Guy Dammann

The sound of Iceland

The lur is a horn, modelled in bronze after a number of 3,000-year-old instruments discovered at various archaeological sites across Scandinavia. Its unrefined yet distinctive sound — penetrating, direct and rough-edged — seems to rise up through the body rather than enter through the ears, like the stirring of a long-forgotten memory. The instrument, whose


Two things always strike me when I visit Vienna. The first is how easterly the city lies. This was more apparent last century, when on maps of Europe the silhouette of Austria poked itself like a swollen proboscis into the dark shadows of the eastern bloc. But even today, with Bratislava, Brno and Gyor as

Coming up for air | 30 November 2017

The musicians of Ensemble Grizzana are arranged in the usual way for their concert at St Paul’s Hall in Huddersfield. Another player, the percussionist Dmitra Lazaridou Chatzigoga, sits among them. The table beside her holds a small and rather beaten-up zither and a tray of the kind of objects you might find at the back


Prague. Prague. It helps to say the name at least twice as a countermeasure to the ridiculous ease of modern travel — especially when visiting cities of one syllable. Another countermeasure is to arrive by train, where the sweep of the landscape gives a better sense of Prague as the grand Bohemian capital than as

I can’t get no Satiesfaction

After peaking at around the tenth instalment, birthday celebrations get progressively less interesting, for their subjects at least. I remember the lunch we held for my great-aunt Winnie’s 100th birthday. It was a jolly affair and she received the toast with a fine speech of thanks. When the cheering subsided, she delivered the speech again,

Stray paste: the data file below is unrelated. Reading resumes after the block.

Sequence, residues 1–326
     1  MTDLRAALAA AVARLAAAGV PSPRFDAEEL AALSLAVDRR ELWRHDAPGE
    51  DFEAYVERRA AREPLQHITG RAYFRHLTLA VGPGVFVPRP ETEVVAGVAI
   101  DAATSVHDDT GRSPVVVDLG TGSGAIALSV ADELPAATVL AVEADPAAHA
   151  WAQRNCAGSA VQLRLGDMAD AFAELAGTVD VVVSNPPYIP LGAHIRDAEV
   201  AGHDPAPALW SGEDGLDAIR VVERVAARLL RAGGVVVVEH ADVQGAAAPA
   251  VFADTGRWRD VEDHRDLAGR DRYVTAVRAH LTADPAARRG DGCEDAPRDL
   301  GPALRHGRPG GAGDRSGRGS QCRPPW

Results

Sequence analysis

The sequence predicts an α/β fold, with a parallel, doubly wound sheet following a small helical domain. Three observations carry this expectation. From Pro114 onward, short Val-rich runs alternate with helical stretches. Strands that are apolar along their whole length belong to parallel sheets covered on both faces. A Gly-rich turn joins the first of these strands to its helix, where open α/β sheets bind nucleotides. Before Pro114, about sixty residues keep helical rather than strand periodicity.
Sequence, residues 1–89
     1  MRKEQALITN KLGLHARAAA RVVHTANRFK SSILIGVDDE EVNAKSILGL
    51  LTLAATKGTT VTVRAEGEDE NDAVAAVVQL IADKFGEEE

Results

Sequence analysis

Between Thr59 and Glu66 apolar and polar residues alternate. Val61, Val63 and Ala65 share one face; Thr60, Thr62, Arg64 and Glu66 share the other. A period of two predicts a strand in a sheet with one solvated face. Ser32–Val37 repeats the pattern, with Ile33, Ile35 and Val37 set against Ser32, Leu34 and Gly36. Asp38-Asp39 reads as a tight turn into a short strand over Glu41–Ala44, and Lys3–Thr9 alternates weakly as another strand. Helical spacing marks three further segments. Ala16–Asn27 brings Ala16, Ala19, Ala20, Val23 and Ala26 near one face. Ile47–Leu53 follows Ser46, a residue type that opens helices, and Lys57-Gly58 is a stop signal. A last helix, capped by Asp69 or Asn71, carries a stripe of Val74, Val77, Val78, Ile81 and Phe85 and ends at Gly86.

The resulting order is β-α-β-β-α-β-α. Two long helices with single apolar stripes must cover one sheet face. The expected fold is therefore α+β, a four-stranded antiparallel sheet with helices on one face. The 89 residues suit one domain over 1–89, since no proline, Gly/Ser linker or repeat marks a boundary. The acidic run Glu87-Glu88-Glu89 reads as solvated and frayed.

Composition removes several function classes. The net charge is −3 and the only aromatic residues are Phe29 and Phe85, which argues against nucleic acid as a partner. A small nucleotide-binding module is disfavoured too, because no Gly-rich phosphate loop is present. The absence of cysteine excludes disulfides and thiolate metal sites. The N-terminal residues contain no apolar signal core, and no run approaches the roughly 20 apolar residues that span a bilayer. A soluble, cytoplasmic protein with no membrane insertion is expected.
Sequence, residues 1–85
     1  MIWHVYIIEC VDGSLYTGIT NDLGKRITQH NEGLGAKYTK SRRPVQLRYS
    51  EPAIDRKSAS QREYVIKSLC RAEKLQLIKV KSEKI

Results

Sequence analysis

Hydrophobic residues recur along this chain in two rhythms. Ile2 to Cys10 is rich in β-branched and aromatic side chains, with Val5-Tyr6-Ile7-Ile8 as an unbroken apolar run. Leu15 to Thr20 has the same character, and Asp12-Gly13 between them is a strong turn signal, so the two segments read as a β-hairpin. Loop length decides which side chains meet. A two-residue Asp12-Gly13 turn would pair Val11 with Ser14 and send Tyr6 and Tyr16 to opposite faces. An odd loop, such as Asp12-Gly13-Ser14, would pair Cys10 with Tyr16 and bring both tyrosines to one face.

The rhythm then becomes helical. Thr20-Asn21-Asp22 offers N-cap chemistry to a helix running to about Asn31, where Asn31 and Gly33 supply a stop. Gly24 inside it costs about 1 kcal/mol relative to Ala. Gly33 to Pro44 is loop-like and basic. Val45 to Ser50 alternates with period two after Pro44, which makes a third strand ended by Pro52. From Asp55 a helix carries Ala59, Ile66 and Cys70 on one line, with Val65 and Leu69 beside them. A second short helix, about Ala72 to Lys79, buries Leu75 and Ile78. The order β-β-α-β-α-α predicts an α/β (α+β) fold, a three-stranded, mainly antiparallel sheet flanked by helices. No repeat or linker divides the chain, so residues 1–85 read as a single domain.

Shtumming the spiel

London may cry foul over Hamlet’s misplaced to-be-ing and not-to-be-ing but Edinburgh is in raptures over a Magic Flute which ditches its spoken dialogue entirely. Directed by Barrie Kosky and Suzanne Andrade, and first seen a couple of years ago on Kosky’s adopted home turf at the Berlin Comic Opera, the production turns Mozart and

Boo the knee-jerk reaction to William Tell not the rape scene

‘I blame Princess Diana’, was my guest’s response to it all. Certainly, there is much we might lay at the feet of our long lamented People’s Princess, but I struggled to see how the current situation was her fault. The situation in question was as follows: a sizeable group of offended opera goers sought, with

Country house opera

I stole a blanket last night. Rather a nice one, in fact. I feel bad about it, of course, but guilt is less inconvenient than pneumonia; and after trying to blow-dry my waterlogged dinner jacket with the winds howling through Garsington Opera’s ‘airy’ pavilion, it seemed like pneumonia or the blanket were the options. Forgive

Ways of hearing

‘What gives your lies such power?’ asks the bewildered Sicilian leader in Szymanowski’s opera Krol Roger. The question is addressed to a charismatic shepherd, on trial for propagating a lascivious new religion of unbridled sensuality. Roger’s wife, Roxana, has already converted along with many of his subjects, while the city’s conservative and clerical factions clamour